Grace and the tollbooth

Tollbooths are a rare bird in Iowa.  We don’t pay a toll to travel down Grand Avenue to East Village, for example.  We don’t toss money into metal baskets and wait for the arm to lift so that we can drive past the shops in Beaverdale.  And, frankly, I have yet to get a ticket-stub to cross Scott Avenue Bridge.  Tollbooths just don’t exist in our neck of the woods.

And, listen, I’m not complaining.

But this isn’t true out East.  You can ride the Indiana, Ohio, or Pennsylvania Turnpikes and see your kids’ college education fund vanish as you travel from turnpike to turnpike.  And the tollbooths themselves are wild circuses.  Red and green lights flash above the booths, the throaty sounds of trucks downshifting vibrate across the lanes, and the smell of diesel and gas and hot concrete is everywhere.  All that’s missing are elephants.  And don’t let yourself get distracted too long because you have to find your lane based on the overhead signs: EZ PASS —  CASH — EXACT AMOUNT — TRUCKS ONLY — CREDIT CARDS — MANNED BOOTH — AUTOMATIC BOOTH.  I always look for that far lane — SLIGHTLY BEFUDDLED.  That seems to fit.

And now you’re fourth in line to pay the fare.  Unfortunately, a brief delay usually occurs because some poor fellow in front of you is squeezing out the driver-side door to retrieve the toll he dropped just a bit short of the basket.  Although we in the line have all done the same thing at one time or another, and, believe me, we all profess to be people of kindness and understanding, don’t be fooled.  Everyone fights the urge to honk their horn and yell unkind remarks.  Some more successfully than others.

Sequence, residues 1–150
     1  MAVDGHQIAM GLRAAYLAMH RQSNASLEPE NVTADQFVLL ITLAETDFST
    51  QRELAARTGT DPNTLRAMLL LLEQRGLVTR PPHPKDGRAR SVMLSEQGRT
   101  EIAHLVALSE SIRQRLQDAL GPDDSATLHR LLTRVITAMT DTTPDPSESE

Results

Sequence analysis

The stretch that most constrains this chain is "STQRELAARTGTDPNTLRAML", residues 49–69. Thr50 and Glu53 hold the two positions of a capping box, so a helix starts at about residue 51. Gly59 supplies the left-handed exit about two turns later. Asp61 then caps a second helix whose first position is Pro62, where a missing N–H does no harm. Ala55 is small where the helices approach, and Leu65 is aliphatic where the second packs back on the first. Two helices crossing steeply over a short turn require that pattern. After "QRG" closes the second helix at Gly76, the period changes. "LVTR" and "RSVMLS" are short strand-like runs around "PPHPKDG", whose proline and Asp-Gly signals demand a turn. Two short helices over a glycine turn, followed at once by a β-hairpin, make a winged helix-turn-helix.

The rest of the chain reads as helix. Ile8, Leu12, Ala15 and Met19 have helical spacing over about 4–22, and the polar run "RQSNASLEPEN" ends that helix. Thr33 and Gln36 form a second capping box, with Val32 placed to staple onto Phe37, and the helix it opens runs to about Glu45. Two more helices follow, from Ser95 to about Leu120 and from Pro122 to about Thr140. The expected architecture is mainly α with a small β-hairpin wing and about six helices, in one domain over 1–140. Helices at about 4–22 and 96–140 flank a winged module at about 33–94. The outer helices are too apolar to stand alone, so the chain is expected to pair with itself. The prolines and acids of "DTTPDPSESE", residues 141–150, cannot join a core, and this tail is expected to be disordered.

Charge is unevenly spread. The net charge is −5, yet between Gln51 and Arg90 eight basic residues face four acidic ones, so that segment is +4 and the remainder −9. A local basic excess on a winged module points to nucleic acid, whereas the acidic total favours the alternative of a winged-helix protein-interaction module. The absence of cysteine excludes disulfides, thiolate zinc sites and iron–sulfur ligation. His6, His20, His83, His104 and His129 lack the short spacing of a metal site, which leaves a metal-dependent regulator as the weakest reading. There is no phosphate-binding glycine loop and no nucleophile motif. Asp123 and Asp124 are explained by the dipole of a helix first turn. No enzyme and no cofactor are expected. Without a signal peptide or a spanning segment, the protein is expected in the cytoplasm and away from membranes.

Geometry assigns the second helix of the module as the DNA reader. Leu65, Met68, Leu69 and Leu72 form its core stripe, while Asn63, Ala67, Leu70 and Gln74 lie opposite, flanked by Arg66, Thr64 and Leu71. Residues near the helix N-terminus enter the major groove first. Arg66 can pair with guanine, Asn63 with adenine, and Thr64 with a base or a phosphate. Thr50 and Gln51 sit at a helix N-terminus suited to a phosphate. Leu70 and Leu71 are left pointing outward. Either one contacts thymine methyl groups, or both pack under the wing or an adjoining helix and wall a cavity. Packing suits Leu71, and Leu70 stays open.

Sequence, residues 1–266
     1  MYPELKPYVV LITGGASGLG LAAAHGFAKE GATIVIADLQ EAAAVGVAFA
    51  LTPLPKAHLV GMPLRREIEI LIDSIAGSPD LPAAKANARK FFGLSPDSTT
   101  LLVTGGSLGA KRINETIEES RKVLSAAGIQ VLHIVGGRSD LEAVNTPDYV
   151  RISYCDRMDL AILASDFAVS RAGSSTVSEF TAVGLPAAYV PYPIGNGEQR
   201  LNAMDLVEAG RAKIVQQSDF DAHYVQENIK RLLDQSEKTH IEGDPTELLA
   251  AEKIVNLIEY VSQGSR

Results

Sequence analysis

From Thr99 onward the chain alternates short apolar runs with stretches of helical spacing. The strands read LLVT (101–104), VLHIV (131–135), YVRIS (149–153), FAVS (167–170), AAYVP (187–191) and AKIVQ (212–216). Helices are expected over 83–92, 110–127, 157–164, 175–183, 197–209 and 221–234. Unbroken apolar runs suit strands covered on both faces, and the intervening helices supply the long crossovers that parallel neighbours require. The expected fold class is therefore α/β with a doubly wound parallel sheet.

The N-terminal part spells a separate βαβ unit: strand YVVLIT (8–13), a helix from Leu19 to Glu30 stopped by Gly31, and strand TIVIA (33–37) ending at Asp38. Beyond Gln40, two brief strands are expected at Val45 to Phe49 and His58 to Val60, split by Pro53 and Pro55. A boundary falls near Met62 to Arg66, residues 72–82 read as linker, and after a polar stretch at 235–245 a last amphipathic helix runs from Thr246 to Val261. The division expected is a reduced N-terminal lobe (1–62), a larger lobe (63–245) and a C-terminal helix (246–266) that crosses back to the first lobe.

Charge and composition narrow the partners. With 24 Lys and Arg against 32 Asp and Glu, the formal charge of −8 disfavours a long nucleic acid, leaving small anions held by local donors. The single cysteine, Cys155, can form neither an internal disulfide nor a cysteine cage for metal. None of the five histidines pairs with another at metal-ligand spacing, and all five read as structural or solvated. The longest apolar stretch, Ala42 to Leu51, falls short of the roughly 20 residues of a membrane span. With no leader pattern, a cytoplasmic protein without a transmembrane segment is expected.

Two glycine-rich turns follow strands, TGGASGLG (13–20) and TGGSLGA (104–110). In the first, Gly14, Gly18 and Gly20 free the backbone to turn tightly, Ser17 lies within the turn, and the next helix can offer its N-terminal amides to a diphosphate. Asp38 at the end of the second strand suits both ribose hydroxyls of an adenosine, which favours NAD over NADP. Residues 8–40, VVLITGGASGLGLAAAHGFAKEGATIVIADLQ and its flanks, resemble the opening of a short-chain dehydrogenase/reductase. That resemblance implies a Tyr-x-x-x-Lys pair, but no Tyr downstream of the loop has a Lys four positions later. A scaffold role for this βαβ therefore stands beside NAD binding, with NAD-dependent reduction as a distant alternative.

After you pay your money, you are in for another special treat — the horse-race start out of the gate.   Look at that Porsche, idling lazily to your left.  Look at that souped-up Mustang, gunning its engine on your right.  Okay . . . are you ready? . . . Go!  Unfortunately, in your eagerness to show what a minivan from Iowa can do, you choose a lane that promptly shunts you off the turnpike into another tollbooth lane to get back on the turnpike.  Yes, a vicious circle of tollbooth purgatory.  So it goes on the road.

But yesterday, on the way home to Des Moines, my wife and I saw a tollbooth to love.  It was just outside of Cumberland, Maryland, where the North Branch of the Potomac River runs deep in the Appalachian Mountains.   The tiny tollbooth sits on the east side of that famous river.  The sign announces that we need $1.50 to cross.  As I held out the money, a smiling woman in a flag t-shirt appears.  She dangles from the window a metal cup attached to a long wooden handle.  Our quarters clang into the cup, and the barrier lifts to allow our passage.

IMG_1921“I’ve worked here for nearly 40 years or better,” Grace Grogg says with a smile.  “This is the only privately-owned toll bridge between two states that I know of.”

The Oldtown Toll Bridge is a low-water bridge with Maryland on one bank and West Virginia on the other.  Periodically, the water tops the bridge forcing it to close.  That’s apparently why it’s not called a high-water bridge.  So around eight times a year the rain comes and the bridge closes.

“Generally, not for very long,” says Grace.

A year ago, part of the bridge washed out for 71 days.

“I growed up around here.  I’ve always been in this part of the country.  And I’ve never seen that before.”  Grace shakes her head in amazement.

Are people friendly who drive across the bridge?

“Sometimes we have a few nasty people.  Most folks are pretty nice.  It’s better than 30 miles to take another route to get across the river, so most folks appreciate it.”

Grace says all this with a mountain twang, a large smile, and a loving-mom demeanor.  But there is no denying, she sits alone for hours in her tollbooth.